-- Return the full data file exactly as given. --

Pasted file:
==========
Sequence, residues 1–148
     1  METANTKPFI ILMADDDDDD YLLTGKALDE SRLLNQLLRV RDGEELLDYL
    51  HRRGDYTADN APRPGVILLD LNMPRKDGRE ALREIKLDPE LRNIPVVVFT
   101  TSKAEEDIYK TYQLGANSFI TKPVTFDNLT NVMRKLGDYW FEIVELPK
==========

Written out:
Sequence, residues 1–148
     1  METANTKPFI ILMADDDDDD YLLTGKALDE SRLLNQLLRV RDGEELLDYL
    51  HRRGDYTADN APRPGVILLD LNMPRKDGRE ALREIKLDPE LRNIPVVVFT
   101  TSKAEEDIYK TYQLGANSFI TKPVTFDNLT NVMRKLGDYW FEIVELPK